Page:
Big Brother is a striking novel about siblings, marriage, and obesity from Lionel Shriver, the acclaimed author the international bestseller We Need to Talk About Kevin.
For Pandora, cooking is a form of love. Alas, her husband, Fletcher, a self-employed high-end cabinetmaker, now spurns the “toxic” dishes that he’d savored through their courtship, and spends hours each day to manic cycling. Then, when Pandora picks up her older brother Edison at the airport, she doesn’t recognize him. In the years since they’ve seen one another, the once slim, hip New York jazz pianist has gained hundreds of pounds. What happened? After Edison has more than overstayed his welcome, Fletcher delivers his wife an ultimatum: It’s him or me.
Rich with Shriver’s distinctive wit and ferocious energy, Big Brother is about fat: an issue both social and excruciatingly personal. It asks just how much sacrifice we'll make to save single members of our families, and whether it's ever possible to save loved ones from themselves.
“What would you do for love of a brother? For love of a husband? For love of food? In Big Brother, Shriver’s new and wonderfully timely novel, her heroine wrestles with these vexing questions. Only the scales don’t lie.” (Margot Livesey, author of The Flight of Gemma Hardy)
“The fellowship of Lionel Shriver fanatics is about to grow larger, so to speak. Big Brother, a tragicomic meditation on family and food, may be her best book yet.” (Gary Shteyngart, author of Super Sad True Love Story)
“A searing, addictive novel about the power and limitations of food, family, success, and desire. Shriver examines America’s weight obsession with both razor-sharp insight and compassion.” (J. Courtney Sullivan, author of Maine and Commencement)
“Brilliantly imagined, beautifully written, and superbly entertaining, Shriver’s novel confronts readers with the decisive question: can we save our loved ones from themselves? A must-read for Shriver fans, this novel will win over new readers as well.” (Library Journal)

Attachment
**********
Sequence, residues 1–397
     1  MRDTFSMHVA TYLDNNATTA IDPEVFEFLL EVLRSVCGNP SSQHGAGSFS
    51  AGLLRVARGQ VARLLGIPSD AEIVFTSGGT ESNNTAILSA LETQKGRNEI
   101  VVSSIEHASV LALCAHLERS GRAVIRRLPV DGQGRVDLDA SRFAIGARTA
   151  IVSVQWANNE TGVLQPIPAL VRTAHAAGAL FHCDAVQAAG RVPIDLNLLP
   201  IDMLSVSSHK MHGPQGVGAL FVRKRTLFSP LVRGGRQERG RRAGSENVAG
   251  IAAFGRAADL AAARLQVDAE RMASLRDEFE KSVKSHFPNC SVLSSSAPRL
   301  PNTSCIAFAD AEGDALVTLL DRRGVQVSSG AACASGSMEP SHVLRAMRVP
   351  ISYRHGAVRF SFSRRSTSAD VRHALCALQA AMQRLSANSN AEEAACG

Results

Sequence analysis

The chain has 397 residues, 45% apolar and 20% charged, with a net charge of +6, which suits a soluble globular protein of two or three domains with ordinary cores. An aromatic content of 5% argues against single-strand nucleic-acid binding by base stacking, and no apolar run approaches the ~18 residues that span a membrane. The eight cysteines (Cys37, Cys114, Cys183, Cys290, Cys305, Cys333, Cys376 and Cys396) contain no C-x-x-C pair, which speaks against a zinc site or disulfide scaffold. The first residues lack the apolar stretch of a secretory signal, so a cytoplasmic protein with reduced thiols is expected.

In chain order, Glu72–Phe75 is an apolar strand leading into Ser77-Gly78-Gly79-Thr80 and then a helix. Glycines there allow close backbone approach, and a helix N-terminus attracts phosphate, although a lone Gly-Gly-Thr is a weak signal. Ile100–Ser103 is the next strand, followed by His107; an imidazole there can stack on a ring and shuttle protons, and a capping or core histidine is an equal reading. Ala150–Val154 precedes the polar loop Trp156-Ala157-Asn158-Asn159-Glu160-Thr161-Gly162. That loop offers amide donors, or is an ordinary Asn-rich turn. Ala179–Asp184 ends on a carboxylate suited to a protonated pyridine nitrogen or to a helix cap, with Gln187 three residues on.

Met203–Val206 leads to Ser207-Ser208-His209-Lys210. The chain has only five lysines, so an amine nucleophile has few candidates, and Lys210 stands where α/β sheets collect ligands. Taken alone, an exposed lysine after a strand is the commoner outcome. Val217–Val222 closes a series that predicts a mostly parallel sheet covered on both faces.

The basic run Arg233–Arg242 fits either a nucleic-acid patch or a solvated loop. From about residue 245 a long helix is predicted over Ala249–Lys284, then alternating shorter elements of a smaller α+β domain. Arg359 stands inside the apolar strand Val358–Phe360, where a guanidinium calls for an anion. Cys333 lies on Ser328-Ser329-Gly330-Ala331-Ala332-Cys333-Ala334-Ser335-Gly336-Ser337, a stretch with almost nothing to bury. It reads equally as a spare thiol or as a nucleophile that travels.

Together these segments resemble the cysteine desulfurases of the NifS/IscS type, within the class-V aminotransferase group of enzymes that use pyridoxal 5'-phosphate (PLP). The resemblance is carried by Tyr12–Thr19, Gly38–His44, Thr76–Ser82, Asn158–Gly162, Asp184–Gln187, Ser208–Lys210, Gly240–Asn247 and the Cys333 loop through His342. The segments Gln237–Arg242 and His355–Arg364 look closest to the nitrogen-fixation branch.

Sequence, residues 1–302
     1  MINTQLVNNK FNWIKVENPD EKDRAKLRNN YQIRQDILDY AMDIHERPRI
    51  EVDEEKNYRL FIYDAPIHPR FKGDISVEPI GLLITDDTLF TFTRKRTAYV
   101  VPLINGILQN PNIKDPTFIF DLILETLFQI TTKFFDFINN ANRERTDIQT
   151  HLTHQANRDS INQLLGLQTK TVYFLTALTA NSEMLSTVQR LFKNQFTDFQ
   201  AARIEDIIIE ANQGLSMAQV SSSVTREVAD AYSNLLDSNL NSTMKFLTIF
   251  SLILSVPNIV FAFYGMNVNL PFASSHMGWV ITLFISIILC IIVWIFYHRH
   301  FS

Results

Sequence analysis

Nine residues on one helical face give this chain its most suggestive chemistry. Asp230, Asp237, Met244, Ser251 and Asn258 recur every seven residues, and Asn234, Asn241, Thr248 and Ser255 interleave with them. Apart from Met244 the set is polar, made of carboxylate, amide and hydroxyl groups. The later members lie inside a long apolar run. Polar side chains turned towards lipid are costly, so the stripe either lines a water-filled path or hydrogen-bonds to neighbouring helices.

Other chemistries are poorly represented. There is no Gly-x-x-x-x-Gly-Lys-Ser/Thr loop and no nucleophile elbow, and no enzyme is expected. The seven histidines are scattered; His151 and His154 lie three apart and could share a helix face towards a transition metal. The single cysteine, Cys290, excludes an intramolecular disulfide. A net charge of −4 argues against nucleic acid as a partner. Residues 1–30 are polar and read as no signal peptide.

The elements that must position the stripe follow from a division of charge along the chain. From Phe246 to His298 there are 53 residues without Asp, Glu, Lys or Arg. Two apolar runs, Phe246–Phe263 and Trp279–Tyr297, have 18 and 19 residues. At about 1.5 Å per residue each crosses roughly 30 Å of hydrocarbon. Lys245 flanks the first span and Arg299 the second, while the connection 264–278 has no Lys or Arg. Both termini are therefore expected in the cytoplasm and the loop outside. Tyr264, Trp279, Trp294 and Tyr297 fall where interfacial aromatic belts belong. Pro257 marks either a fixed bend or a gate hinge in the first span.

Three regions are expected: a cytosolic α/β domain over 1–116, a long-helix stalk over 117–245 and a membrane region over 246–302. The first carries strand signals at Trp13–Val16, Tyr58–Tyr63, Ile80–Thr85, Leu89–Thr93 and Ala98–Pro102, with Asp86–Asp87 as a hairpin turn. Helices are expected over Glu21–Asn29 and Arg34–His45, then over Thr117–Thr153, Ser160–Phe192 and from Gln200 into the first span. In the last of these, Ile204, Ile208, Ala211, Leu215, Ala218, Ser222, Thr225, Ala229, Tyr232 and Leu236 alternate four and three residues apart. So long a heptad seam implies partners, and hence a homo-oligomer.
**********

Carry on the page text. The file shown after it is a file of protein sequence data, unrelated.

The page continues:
“An intelligent meditation on food, guilt, and the real (and imagined) debts we owe the ones we love.” (Publishers Weekly)
“Shriver brilliantly explores the strength of sibling bonds versus the often more fragile ties of marriage.” (Booklist)
“[Shriver] has a knack for conveying subtle shifts in family dynamics. . . . Ms Shriver offers some sage observations. . . . Yet her main gift as a novelist is a talent for coolly nailing down uncomfortable realities.” (The Economist)
“Shriver is brilliant on the novel shock that is hunger. . . . Most of all, though, there’s her glorious, fearless, almost fanatically hard-working prose.” (Guardian)
“Shriver is wonderful at the things she is always wonderful at. Pace and plot. . . . Psychology.” (Independent)
From the Back Cover
From the acclaimed author of the National Book Award finalist So Much for That and the international bestseller We Need to Talk About Kevin comes a striking new novel about siblings, marriage, and obesity.
When Pandora picks up her older brother Edison at her local Iowa airport, she literally doesn't recognize him. In the four years since the siblings last saw each other, the once slim, hip New York jazz pianist has gained hundreds of pounds. What happened?
And it's not just the weight. Imposing himself on Pandora's world, Edison breaks her husband Fletcher's handcrafted furniture, makes overkill breakfasts for the family, and entices her stepson not only to forgo college but to drop out of high school.
After the brother-in-law has more than overstayed his welcome, Fletcher delivers his wife an ultimatum: It's him or me. Putting her marriage and adopted family on the line, Pandora chooses her brother—who, without her support in losing weight, will surely eat himself into an early grave.
Rich with Shriver's distinctive wit and ferocious energy, Big Brother is about fat—an issue both social and excruciatingly personal. It asks just how much we'll sacrifice to rescue single members of our families, and whether it's ever possible to save loved ones from themselves.